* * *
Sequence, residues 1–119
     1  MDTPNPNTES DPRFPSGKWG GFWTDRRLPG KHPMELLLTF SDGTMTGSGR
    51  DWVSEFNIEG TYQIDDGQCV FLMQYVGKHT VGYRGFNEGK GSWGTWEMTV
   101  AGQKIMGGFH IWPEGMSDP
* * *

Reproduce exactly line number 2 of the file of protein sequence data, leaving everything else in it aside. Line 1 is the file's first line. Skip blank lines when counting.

     1  MDTPNPNTES DPRFPSGKWG GFWTDRRLPG KHPMELLLTF SDGTMTGSGR